HARLOW: Looking forward to it.

All right, now let's talk about the pretty extreme weather in this country. It has been an ugly night in parts of the Midwest. Lightning sending a clear warning in the skies over Chicago. Driving rain brought much of that city to a halt last night. Even the Sears Tower got hit by a lightning bolt.

Chicago's O'Hare Airport canceled hundreds of flights in and out of the city. A big headache there.

MARQUEZ: Indeed it is. Violent storms left the roads in and around Milwaukee littered with trees, some of them were ripped right up by their roots thanks to wind gusts up to 80 miles an hour.

HARLOW: And the storms turned deadly in Iowa. One person was killed after getting trapped in a collapsed building near Cedar Rapids where almost eight inches of rain fell. A 17-year-old boy missing this morning after getting swept into a storm sewer.

MARQUEZ: Awful.

(BEGIN VIDEO CLIP)

GREG BURLOW, CEDAR RAPIDS PUBLIC SAFETY SPOKESMAN: At this point, the victim's family has assembled in the area. And we have a chaplain here to provide some type of comfort for them, emotional comfort at this point as the search is going on.

(END VIDEO CLIP)

HARLOW: A second boy was also swept into the sewer but emerged more than a mile away. A disaster proclamation was issued for five counties in Iowa.

Indra Petersons has more in what's in store for today. Also tropical depression headed this way just in time for the 4th of July weekend.

INDRA PETERSONS, AMS METEOROLOGIST: Which could turn into a hurricane. And it's forecasted certainly to be a hurricane.

MARQUEZ: Yikes.

PETERSONS: So yes, let's get right to it. We still have that system in the Midwest that we showed you out there. Notice all the lightning and instability that is already out there. Remember, it had hurricane force winds, 70 or 80-mile-per-hour winds were clocked. And that's the threat that we still have today. Talking about 27 million of you from Upstate New York all the way back in through Arkansas.

That's where this threat is today but it stays with us. It's a very slow-moving system. So even by the time we get in through tomorrow, we're still going to be talking about really all the way from the northeast, kind of back down even in through Virginia. So that's one side of the equation. A lot of people are saying, I need to fly, it's 4th of July. When do I go?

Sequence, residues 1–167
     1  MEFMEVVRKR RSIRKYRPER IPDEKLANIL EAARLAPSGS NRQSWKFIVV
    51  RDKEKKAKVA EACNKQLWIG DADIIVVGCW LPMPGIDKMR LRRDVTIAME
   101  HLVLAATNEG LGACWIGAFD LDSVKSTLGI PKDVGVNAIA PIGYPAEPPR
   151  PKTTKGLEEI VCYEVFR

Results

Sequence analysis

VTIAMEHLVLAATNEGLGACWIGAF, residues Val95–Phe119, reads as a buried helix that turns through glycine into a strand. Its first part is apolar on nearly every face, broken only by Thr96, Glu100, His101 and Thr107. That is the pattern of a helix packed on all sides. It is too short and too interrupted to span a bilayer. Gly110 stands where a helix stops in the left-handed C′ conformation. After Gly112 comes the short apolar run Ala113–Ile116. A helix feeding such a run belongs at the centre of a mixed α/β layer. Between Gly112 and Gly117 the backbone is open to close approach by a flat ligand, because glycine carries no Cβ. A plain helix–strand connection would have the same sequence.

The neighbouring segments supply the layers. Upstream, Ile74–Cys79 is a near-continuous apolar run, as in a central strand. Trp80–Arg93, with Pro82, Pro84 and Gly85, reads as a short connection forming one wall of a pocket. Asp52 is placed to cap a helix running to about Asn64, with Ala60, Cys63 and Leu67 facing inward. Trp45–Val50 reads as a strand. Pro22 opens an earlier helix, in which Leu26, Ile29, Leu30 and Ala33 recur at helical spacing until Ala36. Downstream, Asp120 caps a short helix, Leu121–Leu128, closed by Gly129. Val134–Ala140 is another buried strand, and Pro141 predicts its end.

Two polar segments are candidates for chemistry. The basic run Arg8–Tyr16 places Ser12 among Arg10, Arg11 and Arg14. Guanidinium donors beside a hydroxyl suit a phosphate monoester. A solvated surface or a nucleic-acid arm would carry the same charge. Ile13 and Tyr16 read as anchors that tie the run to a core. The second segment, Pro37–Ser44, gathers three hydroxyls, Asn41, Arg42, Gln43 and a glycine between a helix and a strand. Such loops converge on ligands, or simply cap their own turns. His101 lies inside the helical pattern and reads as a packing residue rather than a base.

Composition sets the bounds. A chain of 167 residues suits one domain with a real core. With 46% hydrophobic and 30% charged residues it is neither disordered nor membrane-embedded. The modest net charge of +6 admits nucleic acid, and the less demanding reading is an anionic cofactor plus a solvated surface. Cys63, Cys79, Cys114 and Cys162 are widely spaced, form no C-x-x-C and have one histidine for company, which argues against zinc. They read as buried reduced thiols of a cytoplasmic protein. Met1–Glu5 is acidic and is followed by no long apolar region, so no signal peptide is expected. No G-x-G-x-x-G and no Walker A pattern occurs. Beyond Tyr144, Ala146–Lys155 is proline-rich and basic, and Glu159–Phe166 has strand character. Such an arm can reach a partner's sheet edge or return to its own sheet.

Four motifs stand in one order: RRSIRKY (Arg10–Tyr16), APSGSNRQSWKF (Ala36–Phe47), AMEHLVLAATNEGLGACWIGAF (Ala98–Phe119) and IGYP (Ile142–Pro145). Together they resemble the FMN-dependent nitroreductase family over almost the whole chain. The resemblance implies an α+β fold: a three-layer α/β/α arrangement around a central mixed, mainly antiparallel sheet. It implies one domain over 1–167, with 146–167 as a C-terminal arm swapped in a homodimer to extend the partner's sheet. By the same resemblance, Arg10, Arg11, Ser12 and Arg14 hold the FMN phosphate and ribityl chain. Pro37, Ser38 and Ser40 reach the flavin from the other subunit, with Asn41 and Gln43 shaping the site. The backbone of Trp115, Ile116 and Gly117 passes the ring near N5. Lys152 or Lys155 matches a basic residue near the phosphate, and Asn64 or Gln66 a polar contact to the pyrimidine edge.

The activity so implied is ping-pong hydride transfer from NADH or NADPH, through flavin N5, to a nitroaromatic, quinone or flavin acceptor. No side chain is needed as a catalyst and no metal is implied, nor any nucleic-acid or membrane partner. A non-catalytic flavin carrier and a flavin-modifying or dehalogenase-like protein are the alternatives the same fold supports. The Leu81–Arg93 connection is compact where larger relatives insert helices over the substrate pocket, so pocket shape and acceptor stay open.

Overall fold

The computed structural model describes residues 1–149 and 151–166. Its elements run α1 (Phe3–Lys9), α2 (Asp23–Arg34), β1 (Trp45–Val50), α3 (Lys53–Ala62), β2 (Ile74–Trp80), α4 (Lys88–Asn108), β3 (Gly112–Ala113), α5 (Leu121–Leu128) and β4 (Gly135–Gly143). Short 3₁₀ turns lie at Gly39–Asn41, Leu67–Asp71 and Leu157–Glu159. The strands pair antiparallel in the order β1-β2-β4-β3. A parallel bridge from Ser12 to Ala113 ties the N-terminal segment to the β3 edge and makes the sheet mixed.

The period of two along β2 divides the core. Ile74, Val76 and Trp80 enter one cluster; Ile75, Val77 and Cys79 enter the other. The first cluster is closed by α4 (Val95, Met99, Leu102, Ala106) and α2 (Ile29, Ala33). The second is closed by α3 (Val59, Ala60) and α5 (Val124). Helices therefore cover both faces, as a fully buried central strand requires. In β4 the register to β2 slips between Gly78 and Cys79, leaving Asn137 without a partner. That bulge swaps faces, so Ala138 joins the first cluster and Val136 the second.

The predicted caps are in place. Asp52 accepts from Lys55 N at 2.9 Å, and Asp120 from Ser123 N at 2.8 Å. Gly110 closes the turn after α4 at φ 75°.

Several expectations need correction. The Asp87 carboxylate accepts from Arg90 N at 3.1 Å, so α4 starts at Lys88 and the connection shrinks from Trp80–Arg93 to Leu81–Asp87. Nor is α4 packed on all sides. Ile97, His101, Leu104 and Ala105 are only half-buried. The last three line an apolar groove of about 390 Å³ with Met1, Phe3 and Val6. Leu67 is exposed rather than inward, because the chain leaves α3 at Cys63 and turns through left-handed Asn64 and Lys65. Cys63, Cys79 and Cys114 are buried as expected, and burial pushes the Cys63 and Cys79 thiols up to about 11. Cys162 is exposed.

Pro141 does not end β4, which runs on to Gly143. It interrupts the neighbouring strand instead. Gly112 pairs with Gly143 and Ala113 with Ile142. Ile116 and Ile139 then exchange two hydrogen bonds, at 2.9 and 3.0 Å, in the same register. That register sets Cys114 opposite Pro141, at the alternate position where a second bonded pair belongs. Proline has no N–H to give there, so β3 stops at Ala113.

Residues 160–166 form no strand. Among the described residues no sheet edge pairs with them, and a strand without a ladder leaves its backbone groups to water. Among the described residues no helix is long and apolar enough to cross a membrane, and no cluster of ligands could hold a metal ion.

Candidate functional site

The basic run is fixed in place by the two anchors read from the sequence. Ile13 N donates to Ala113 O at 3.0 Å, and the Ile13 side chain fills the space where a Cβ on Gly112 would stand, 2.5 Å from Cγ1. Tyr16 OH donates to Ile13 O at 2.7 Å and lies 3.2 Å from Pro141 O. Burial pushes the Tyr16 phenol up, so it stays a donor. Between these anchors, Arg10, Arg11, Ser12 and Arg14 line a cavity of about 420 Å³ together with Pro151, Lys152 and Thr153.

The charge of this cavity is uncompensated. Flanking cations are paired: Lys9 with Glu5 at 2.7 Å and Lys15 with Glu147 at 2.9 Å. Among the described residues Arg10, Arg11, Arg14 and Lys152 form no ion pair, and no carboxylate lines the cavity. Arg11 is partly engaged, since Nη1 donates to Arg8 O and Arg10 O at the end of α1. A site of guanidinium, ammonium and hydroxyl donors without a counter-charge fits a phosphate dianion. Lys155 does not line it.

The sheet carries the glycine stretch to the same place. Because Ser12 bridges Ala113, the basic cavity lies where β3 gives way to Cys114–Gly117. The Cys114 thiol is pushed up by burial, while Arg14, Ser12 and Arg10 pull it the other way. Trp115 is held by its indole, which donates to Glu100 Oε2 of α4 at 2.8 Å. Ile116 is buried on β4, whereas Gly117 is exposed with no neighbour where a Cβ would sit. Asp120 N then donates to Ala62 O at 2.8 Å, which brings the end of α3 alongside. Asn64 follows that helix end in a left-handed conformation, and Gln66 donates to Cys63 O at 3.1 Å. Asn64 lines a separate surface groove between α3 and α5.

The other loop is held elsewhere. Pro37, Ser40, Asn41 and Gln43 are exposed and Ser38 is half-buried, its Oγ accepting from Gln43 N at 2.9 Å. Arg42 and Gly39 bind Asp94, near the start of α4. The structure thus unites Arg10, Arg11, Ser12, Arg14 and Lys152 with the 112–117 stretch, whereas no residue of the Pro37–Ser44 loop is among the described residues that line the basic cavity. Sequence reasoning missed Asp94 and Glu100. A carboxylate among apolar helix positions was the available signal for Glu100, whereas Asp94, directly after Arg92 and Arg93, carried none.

Well, take a look. First threat, you have the cold front here. But as soon as that moves out, we talked about the severe weather, the heavy winds and of course rain and instability with that. Then we have a low. This is the low that's now depression that is likely to form into a hurricane. So very difficult on the East Coast here. Really the entire week.

Right now we're seeing about 35-mile-per-hour winds. So currently just a depression but this is likely to be Arthur here. In fact expected to be a tropical storm by about 2:00 today. Notice what happens as we get in today and tomorrow in through about Wednesday night. We're still talking about this developing off the coastline, bringing that heavy rain in through the Carolinas.

Then it turns into a hurricane, guys, right off of D.C., right on the 4th of July, really in the early morning hours there. Speeding up and then hanging out, all the way even in through the northeast.

Good news, it does speed up, therefore it doesn't move out of here by Saturday or Sunday. Timing wise, already seeing the rain in Florida today. Then into the Carolinas as we in through tomorrow, and of course as you get into the 4th of July itself, there's that bulls eye hanging right off the coastline. So very tough to say when can you fly? First it's the cold front, then it's the hurricane.

HARLOW: You knew that all morning.

MARQUEZ: I'm going to lock myself in my bathroom this afternoon.

(LAUGHTER)

PETERSONS: Stay there until Saturday.

HARLOW: Sounds like a plan. We'll meet you there, Miguel.